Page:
The Cullman Times
Scott Beason’s fall from power in the Alabama Senate was overdue after his degrading comments about black citizens.
As the powerful chairman of the Rules Committee in the Senate, Beason had every reason to conduct business with the highest respect toward all citizens. But he didn’t, and that’s why his own party chose to strip him of his duties as the head of the agenda-setting committee.
Beason was reportedly upset when Republican leaders informed him of the decision. So be it. Perhaps the maturity needed for serving in the Senate will arrive later for Beason.
The decision to replace Beason with veteran lawmaker Jabo Waggoner is an extended olive branch by Republicans who are rightfully concerned that the continued presence of the Gardendale senator would create problems heading into the new session of the Legislature.
Democrats were understandably upset with Beason’s remarks, as were many Republicans. But pushing Beason aside concerns much more than politics.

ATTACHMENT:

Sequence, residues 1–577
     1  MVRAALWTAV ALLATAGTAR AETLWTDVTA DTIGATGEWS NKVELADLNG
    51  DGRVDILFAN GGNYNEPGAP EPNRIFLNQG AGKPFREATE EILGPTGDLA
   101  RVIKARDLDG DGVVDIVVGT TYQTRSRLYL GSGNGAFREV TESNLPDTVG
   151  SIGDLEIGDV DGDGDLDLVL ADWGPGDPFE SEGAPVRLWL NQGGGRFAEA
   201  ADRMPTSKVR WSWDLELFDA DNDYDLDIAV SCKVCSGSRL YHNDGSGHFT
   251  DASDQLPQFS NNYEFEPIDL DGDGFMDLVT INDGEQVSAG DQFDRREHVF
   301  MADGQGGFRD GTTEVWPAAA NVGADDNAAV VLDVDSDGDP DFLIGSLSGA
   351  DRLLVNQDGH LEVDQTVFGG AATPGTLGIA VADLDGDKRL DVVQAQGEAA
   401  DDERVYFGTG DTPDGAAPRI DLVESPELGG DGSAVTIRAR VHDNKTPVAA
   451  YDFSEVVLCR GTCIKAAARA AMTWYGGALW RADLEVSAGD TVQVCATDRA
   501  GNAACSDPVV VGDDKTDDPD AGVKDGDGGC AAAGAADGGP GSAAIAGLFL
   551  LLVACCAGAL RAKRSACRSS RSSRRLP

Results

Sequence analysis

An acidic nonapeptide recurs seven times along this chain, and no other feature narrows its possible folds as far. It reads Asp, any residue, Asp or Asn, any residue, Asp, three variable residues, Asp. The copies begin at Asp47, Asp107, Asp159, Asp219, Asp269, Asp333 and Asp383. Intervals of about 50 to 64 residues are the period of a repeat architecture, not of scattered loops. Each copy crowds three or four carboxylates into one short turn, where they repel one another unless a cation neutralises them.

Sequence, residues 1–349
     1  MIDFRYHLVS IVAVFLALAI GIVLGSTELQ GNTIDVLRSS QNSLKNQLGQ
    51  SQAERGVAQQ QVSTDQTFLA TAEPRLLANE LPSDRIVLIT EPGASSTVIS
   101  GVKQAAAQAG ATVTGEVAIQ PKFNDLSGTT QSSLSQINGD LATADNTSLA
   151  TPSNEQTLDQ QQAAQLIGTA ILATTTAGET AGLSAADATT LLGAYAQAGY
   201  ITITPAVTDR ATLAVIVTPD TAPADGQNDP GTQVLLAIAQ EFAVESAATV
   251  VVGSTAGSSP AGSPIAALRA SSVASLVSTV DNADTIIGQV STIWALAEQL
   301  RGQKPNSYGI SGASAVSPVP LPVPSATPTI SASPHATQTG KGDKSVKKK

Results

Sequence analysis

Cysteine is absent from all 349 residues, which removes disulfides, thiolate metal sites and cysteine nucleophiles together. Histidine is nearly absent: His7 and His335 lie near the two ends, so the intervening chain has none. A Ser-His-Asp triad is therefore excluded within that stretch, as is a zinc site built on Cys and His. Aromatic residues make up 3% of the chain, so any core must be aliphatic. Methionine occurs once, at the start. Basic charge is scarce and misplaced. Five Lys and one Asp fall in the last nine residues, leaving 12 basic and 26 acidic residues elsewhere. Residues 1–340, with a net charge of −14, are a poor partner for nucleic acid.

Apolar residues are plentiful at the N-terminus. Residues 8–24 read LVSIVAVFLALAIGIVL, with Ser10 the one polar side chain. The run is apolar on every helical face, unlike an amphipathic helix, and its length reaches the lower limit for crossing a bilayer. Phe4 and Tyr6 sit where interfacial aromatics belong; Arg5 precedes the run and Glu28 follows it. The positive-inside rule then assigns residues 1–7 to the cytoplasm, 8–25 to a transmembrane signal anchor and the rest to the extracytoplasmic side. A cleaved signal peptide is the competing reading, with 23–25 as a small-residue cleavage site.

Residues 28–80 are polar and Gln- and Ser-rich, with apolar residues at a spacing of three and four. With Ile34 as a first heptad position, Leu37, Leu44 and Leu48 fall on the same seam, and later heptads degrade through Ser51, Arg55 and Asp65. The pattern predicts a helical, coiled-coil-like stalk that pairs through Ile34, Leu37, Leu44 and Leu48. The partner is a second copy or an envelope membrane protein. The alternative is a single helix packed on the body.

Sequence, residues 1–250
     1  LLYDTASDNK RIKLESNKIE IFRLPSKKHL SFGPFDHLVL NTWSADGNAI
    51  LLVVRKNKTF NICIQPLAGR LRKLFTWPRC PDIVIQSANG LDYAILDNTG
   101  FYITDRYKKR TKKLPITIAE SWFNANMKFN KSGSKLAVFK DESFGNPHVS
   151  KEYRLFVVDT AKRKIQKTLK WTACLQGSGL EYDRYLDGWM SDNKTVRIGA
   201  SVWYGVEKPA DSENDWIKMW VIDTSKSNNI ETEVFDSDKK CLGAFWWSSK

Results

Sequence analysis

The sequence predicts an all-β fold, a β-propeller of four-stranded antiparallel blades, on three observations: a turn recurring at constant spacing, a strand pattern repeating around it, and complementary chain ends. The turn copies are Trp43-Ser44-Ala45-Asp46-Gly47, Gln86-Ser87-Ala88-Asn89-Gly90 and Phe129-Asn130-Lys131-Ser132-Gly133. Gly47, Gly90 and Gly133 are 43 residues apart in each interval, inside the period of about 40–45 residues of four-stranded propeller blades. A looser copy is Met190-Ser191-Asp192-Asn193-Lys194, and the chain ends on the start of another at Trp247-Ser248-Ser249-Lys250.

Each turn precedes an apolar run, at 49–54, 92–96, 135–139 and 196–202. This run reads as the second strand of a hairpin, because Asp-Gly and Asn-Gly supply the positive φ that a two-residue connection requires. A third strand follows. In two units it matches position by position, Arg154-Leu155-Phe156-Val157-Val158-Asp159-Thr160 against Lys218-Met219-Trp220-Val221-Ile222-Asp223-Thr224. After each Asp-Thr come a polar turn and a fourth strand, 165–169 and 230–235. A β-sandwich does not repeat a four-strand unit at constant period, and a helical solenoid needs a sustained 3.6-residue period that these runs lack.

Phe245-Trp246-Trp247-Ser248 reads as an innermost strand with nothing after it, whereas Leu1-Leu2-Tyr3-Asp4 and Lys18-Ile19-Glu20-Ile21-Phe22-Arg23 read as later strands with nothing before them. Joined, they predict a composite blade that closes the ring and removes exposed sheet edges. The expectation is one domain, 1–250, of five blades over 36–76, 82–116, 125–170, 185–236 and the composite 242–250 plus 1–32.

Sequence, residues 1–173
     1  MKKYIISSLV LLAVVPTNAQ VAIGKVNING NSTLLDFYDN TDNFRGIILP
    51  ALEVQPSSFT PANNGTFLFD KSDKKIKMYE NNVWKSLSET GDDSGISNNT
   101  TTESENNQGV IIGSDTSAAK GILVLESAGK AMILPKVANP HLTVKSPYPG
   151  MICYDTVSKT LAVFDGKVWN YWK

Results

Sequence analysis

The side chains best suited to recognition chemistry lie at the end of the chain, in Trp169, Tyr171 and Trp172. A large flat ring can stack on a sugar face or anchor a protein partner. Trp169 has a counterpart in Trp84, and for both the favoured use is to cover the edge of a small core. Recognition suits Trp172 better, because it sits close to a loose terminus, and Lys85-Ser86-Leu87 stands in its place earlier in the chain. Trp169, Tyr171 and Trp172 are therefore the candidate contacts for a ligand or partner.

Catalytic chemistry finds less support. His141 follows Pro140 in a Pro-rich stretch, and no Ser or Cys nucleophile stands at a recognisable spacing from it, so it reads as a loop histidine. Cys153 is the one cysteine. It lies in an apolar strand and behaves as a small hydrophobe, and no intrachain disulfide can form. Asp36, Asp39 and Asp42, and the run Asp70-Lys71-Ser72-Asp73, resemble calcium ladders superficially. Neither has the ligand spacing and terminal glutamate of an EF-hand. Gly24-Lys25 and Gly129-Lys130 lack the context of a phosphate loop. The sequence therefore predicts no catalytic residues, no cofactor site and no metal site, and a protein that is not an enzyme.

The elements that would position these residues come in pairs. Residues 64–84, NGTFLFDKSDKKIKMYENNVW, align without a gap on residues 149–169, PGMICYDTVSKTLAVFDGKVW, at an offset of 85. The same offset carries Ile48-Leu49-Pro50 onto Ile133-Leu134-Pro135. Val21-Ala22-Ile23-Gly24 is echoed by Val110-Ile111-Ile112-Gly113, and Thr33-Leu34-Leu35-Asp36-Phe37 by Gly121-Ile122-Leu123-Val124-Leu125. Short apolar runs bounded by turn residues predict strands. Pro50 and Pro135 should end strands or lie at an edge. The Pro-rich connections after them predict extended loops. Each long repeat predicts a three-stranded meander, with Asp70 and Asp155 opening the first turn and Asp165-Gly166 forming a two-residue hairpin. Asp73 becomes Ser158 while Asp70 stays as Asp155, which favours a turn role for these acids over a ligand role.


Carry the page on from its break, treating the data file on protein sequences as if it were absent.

Many Alabama leaders, in both political parties, has worked hard to overcome the state’s segregation-era reputation. The open racism that once dominated life in Alabama was swept away in the Civil Rights movement. Avoiding even a hint of a return to the prevailing politics of that time would be disastrous for the state, which has made tremendous strides in creating a new image and recruiting overseas investors.
Interestingly, Beason was also one of the leaders in passing the state’s maligned immigration law. The negative glare of national and international scorn for the tone and impact of the bill has been relentless. Downsizing Beason’s power was certainly a wise move, and one that should allow Republicans and Democrats to focus on urgent economic issues when they return to Montgomery next year.
For Beason, his political career is in jeopardy. But that doesn’t mean he is finished. Politics is all about comebacks, provided some lessons are learned and the motivation is honest.
If Beason chooses to remain in the political arena, he should take time to seriously reconsider the purpose for which he was elected. There are those who believe the senator is capable of being an effective lawmaker, but that will only happen when he realizes that leadership requires compassion and respect for everyone who calls Alabama home.